A waterproofing tape (3) was obtained by applying this composition in a thickness of 120 microns to both surfaces of a polyester film 25 microns in thickness with a bar coater.

Control 4

The waterproofing agent (1) for comparison obtained in Control 1 was classified to obtain a powder passing a standard 400-mesh sieve (hereinafter referred to as "crosslinked macromolecular compound (1) for comparison").

A waterproofing tape (1) for comparison was obtained by following the procedure of Example 17, except that the crosslinked macromolecular compound (1) for comparison was used in place of the crosslinkd macromolecular compound (2).

Control 5

A waterproofing tape (2) for comparison was obtained by following the procedure of Control 4, except that 30 parts of polyethylene glycol havin an average molecular weight of 10,000 was used in the place of the polyethylene oxide possessing an average molecular weight of 800,000 used in Control 4.

EXAMPLES 19 to 21 And Controls 6 and 7

On a glass bar 13.5 mm in diameter and 2,000 mm in length, a given one of the waterproofing tapes (1) to (3) obtained in Examples 16 to 18 and the waterproofing tapes (1) and (2) for comparison obtained in Controls 4 and 5 was wound up spirally in one ply. The glass bar wrapped in the waterproofing tape was inserted into a glass tube 15 mm in inside diamete and 2,000 mm in length so as to form a uniform tubular gap inside the glass tube, to produce an imitation cable for evaluation of waterproofing effect.

This imitation cable was laid horizontally. A container filled with 1 lite of tap water was connected with a rubber tube to one end of the imitation cable, with the liquid level i the container held at a height of 1,000 mm from the imitation cable. Then the cock at the base of the container was opened to lead the tap water to the imitation cable. The condition of the permeation of tap water into the imitation cable was evaluated in terms o the distance between the inlet end of the imitation cable and the leading end of the tubular column of tap water which had permeated in the cable within one hour. The results are shown in Table 4.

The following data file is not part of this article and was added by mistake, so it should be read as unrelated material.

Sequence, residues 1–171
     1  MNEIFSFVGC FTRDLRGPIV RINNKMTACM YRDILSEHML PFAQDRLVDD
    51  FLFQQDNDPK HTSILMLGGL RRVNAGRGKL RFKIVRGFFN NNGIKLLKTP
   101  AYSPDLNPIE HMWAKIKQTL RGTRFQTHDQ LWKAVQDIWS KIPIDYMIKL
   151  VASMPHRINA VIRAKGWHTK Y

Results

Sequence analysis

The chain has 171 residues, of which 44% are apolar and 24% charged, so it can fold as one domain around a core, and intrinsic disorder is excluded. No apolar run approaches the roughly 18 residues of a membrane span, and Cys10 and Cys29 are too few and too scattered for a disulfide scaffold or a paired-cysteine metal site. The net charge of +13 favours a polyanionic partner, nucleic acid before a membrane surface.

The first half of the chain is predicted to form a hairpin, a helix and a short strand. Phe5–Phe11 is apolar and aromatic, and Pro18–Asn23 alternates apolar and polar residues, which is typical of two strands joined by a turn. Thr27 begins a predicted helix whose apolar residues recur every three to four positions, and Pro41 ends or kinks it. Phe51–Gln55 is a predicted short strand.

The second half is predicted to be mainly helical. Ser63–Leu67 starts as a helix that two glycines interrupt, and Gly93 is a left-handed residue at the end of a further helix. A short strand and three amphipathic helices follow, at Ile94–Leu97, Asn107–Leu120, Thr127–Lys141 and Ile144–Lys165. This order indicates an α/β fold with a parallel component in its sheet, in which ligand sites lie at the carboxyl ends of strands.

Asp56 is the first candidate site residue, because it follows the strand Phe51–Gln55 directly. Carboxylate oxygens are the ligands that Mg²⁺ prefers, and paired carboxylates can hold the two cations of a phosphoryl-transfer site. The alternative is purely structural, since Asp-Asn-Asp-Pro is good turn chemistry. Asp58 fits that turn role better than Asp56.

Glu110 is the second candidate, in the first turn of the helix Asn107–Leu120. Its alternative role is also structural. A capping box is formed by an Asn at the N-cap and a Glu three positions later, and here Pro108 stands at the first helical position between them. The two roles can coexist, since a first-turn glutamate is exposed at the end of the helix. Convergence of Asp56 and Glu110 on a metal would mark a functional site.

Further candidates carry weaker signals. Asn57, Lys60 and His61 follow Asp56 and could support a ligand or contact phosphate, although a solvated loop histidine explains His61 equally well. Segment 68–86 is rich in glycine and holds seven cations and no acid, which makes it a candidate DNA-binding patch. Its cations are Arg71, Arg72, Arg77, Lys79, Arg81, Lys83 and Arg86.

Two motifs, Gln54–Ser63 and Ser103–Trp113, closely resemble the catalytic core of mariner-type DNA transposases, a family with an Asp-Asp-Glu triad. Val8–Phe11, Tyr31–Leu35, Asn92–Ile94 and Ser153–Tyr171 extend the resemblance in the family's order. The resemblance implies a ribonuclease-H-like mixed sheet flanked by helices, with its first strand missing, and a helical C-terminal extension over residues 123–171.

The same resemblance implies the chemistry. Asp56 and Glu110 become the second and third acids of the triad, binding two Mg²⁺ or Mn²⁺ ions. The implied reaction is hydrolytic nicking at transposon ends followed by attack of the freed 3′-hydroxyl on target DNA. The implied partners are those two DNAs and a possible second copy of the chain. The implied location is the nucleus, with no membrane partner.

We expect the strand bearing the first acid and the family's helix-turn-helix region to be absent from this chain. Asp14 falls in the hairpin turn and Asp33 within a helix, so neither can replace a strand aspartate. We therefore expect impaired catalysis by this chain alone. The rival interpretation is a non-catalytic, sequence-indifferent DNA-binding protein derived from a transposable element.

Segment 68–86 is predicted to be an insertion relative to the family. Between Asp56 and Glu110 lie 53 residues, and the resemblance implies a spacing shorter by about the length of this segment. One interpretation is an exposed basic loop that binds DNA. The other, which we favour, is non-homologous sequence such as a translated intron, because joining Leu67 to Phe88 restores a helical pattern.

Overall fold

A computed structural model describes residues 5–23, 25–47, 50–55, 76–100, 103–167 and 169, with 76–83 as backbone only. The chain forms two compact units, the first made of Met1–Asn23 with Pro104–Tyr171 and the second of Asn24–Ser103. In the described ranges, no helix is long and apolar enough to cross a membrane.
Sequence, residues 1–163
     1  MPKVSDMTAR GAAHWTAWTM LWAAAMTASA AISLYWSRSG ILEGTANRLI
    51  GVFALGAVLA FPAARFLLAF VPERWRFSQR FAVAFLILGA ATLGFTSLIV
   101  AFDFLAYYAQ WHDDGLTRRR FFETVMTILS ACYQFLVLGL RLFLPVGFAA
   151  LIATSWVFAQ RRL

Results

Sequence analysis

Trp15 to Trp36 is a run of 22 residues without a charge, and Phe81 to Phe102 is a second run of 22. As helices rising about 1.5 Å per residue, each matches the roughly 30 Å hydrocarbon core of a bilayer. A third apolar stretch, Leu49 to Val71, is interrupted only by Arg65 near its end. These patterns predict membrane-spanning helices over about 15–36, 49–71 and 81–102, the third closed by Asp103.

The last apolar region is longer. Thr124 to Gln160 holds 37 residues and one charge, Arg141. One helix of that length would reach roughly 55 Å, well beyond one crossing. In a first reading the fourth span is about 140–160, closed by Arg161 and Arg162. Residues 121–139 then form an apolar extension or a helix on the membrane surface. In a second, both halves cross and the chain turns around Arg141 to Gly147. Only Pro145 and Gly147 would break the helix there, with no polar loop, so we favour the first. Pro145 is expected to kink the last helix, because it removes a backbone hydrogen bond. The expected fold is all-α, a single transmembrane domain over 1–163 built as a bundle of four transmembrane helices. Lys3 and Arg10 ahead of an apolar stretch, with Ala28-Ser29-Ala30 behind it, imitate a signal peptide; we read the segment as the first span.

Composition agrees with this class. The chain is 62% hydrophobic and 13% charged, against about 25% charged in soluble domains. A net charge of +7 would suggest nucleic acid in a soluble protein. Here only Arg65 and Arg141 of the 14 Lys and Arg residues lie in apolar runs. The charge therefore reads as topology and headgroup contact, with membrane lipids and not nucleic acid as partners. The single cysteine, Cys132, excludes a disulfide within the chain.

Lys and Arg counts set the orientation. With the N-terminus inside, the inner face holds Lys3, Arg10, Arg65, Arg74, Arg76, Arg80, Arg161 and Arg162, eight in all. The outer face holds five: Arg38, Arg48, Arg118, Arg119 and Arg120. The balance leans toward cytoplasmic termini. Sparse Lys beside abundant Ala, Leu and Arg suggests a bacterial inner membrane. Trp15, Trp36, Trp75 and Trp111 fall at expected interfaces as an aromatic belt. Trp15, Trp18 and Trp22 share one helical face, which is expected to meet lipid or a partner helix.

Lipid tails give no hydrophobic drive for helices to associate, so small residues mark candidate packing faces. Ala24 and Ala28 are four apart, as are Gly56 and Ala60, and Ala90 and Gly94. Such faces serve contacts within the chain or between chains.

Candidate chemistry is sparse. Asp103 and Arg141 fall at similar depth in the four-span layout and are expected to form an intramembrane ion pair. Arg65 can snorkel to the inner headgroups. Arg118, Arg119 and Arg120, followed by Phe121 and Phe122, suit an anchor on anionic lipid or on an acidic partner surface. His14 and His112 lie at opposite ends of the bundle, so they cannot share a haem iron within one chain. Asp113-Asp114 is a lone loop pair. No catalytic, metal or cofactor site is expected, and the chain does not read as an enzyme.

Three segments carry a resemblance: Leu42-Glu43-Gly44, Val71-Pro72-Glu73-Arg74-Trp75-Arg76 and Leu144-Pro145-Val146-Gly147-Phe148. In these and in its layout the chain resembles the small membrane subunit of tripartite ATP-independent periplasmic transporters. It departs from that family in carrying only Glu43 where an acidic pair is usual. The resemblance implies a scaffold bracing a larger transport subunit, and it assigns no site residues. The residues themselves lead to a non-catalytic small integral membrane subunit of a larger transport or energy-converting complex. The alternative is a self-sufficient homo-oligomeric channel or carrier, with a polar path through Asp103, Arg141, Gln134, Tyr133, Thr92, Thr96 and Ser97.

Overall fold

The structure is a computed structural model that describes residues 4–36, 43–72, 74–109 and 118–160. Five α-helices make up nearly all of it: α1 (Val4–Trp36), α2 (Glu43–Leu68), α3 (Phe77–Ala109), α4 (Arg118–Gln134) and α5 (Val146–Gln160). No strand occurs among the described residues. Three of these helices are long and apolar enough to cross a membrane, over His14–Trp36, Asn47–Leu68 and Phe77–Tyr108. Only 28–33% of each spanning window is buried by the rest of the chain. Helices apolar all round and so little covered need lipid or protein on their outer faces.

TABLE 4______________________________________               Distance of permeation               of tap water (mm)Waterproofing tape used               within one hour______________________________________Example 19   Waterproofing tape (1)                   230Example 20   Waterproofing tape (2)                   320Example 21   Waterproofing tape (3)                   300Control 6   Waterproofing tape (1)                   450   for comparisonControl 7   Waterproofing tape (2)                   Not less than 2,000 (Note)   for comparison______________________________________ (Note) The tap water leaked from the other end of the imitation cable to which n rubber tube was connected.
EXAMPLES 22 TO 24 And Controls 8 and 9

On a glass bar 14 mm in diameter and 2,000 mm in length, a given one of the waterproofing tapes (1) to (3) obtained in Examples 16 to 18 and the waterproofing tapes (1) and (2) for comparison obtained in Controls 4 and 5 was wound up spirally in one ply. The glass bar thus wrapped in the water-proofing tape was inserted into a glass tube 15 mm in inside diameter and 2,000 mm in length so as to form a uniform tubular gap inside the glass tube, to produce an imitation cable for evaluation of waterproofing effect.

This imitation cable was laid horizontally. A container filled with 1 liter of the same synthetic sea water as used in Examples 6 to 10 was connected with a rubber tube to one end of the imitation cable, with the liquid level in the container held at a height of 1,000 mm from the imitation cable. Then the cock at the base of the container was opened to lead the synthetic sea water to the imitation cable. The condition of permeation of the synthetic sea water into the imitation cable was evaluated in terms of the distance between the inlet end of the imitation cable to the leading end of the tubular column of synthetic sea water which had permeated in the imitation cable within one hours. The results are shown in Table 5.